Today, Newt Gingrich, who wouldn't know respect for the "institution of marriage" if it jumped up and bit him squarely on his fat, self-righteous butt, weighed in that 'gay marriage is a pagan idea' and that it will lead to the decline of western civilization! (GASP!)
Okay, a.) clearly Newt doesn't know diddly-squat about Paganism, and b.) I think our inability to produce our own food and create a stable economy are more likely to cause the downfall of western civilization...but I'm a history professor. What do I know?
A young lady I knew as an undergraduate at the Baptist college where I was previously employed has recently come out of the closet and was among a group of Maine LGBTs who yesterday delivered the ballot initiative petition for legalization of gay marriage to their governor. Had you known her when I did, you'd understand the gravity of this situation and the figurative light years traveled between then and now.
I once heard a speaker from the New York Public Library, in reference to their commemoration of the Stonewall Uprising, say that there is a 'continuum of outness' among LGBTs...let's just say I've witnessed more than one person move from the far-right Closet of Denial to the extreme-left Personal Gay Rights Parade of Outness...and this is not a journey that isn't fraught with peril. LGBTs, even in this day and age, are frequently rejected by their peers and families when they choose to come out. Even if those around them cope to some degree with the news, when the layer of gay rights or gay marriage is brought up, the tenuous peace accords break down and you can hear the Queen of Hearts in the background screeching, "OFF WITH THEIR HEADS!"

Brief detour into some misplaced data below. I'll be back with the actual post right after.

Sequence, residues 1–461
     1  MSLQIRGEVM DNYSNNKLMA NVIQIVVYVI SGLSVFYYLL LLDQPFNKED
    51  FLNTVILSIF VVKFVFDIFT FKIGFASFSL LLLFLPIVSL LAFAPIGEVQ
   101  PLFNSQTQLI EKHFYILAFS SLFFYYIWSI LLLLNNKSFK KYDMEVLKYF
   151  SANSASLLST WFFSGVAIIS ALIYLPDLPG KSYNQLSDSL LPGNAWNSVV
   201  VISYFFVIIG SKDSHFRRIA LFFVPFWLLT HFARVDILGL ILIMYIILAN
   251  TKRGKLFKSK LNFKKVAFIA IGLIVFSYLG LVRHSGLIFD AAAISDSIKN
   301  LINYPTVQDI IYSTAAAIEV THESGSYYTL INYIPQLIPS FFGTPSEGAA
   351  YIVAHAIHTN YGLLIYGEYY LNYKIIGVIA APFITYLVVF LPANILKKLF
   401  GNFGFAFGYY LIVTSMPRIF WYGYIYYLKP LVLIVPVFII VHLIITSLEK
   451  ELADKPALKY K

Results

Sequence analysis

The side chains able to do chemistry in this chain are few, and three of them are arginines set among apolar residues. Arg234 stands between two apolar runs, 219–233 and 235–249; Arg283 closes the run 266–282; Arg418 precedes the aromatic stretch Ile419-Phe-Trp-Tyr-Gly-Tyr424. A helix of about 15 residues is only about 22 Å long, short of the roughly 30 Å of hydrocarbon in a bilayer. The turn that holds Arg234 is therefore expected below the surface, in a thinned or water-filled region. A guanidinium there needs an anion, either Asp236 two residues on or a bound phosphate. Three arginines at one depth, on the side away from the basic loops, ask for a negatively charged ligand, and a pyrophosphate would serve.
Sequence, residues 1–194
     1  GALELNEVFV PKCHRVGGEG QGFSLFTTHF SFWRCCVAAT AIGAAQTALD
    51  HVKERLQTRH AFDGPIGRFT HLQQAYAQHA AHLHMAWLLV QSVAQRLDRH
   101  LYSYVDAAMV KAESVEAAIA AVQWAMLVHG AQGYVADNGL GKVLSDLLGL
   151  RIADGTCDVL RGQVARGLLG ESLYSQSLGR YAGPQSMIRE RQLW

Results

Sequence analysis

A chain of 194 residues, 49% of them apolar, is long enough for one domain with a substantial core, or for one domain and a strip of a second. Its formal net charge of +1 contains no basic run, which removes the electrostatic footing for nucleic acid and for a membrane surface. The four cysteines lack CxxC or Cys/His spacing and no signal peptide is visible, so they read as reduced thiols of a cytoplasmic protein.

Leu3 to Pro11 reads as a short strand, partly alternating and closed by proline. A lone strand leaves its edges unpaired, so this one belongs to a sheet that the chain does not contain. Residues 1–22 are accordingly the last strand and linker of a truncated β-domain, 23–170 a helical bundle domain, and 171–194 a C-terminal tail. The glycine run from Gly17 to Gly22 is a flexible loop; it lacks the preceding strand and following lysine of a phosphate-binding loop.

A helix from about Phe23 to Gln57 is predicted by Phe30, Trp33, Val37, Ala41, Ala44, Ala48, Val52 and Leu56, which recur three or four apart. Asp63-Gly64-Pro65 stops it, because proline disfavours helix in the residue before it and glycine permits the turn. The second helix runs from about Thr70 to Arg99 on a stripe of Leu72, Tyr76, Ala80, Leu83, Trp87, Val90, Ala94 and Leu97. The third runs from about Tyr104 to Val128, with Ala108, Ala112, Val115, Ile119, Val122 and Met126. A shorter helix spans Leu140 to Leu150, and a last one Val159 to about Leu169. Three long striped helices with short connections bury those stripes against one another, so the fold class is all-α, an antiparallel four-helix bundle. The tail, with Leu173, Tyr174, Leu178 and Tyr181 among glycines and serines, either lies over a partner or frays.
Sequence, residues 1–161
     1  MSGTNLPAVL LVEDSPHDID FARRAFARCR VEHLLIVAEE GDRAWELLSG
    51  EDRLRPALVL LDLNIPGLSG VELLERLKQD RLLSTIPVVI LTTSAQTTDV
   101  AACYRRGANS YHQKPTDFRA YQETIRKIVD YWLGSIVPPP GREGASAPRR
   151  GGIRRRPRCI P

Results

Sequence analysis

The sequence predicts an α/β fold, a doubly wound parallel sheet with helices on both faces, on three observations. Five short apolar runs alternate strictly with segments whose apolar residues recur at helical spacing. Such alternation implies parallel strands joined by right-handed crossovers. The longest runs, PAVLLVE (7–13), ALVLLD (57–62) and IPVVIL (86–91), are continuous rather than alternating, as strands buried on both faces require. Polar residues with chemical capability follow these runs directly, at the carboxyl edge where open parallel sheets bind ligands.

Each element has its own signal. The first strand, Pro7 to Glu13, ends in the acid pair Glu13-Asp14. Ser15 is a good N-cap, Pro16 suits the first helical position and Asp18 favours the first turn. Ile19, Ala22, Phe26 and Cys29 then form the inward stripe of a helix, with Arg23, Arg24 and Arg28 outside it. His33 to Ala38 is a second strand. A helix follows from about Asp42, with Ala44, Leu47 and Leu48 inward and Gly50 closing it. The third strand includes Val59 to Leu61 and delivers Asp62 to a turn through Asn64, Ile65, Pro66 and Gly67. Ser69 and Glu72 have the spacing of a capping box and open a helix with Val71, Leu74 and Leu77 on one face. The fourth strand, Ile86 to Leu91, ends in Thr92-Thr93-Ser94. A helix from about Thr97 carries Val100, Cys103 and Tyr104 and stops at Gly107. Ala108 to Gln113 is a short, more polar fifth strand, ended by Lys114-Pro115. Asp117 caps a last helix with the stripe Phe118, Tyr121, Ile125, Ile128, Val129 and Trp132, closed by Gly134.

What I've learned from the math professor who mentored me through the tenure process is something that I hadn't really considered until he stated it bluntly: these are not 'special rights' for which LGBTs are asking, they're basic civil rights. My great-grandparents had what, under the law of their day, was a mixed-race marriage...and in the strictest sense, illegal- my great-grandmother was Cherokee and my great-grandfather was Caucasian. Miscegenation laws finally changed, and it is now legal in the United States for people of different races to wed each other. At the end of the day, fundamentally, how is the "Gay Marriage Question" so very different?